Hidden in the evolutionary tree
The resulting “evolutionary tree” showed many of the native Senecio species where we expected them to be. More importantly, however, it showed us that Cape ivy is actually quite distantly related to Senecio.
To our surprise, the analysis also placed several Australian species traditionally belonging to the Senecio genus far outside of it, indicating they didn’t belong to Senecio at all and needed to be renamed.
The most interesting group of not-actually-Senecio are five species with leaf rosettes and one (or rarely, a few) flowerheads carried on distinctive stalks.
They’re all restricted to alpine or subalpine areas of south-eastern Australia, and all except one are found only in Tasmania. They turned out to be so unrelated, and so distinct from any other named plant genera, that they have to be recognised as a genus in its own right.
We have now named this new genus as Scapisenecio, after the long flower stalks (scapes) characterising the plants.
The most widespread and common species is Scaposenecio pectinatus, commonly known as the alpine groundsel, which is a familiar sight to hikers and bushwalkers in the Australian mainland alps and the central highlands of Tasmania.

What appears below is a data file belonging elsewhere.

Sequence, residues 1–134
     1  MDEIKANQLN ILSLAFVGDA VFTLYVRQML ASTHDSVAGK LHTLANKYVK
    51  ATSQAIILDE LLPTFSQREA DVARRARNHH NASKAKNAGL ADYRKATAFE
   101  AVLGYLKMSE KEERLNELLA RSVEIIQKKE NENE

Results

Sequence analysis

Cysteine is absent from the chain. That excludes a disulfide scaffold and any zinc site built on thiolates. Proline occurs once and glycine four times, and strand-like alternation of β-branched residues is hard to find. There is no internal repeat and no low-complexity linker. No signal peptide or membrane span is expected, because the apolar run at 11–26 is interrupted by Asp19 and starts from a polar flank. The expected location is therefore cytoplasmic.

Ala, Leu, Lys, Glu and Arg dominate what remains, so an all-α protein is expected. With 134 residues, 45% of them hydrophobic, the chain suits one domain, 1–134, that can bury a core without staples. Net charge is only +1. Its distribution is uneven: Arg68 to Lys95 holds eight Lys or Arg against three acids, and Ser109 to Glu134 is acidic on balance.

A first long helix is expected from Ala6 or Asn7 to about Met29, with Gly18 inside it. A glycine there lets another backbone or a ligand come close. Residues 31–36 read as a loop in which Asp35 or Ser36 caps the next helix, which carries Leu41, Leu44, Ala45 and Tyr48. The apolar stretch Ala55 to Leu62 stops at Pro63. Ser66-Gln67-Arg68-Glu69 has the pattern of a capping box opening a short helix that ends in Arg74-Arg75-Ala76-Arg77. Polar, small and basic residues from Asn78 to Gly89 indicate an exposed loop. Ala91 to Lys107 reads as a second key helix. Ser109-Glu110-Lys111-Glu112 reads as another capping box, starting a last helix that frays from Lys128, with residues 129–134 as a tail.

Apart from the excitement of finding a previously undescribed, distinctive genus, these results were also directly relevant to the original purpose of our work: informing a plant list to test possible biocontrol agents.
The traditional misclassification of these species would have misled us about their true relationships. Our new genetic data now allow us to test biocontrol agents on an appropriate sample of species, to minimise risks to our native flora.
It is not often we find that a new, unexpected lineage of plants has existed all along, right in front of us.
Australia is home to some of the world’s most dangerous wildlife. Anyone who spends time outdoors in eastern Australia is wise to keep an eye out for snakes, spiders, swooping birds, crocodiles, deadly cone snails and tiny toxic jellyfish.
But what not everybody knows is that even some of the trees will get you.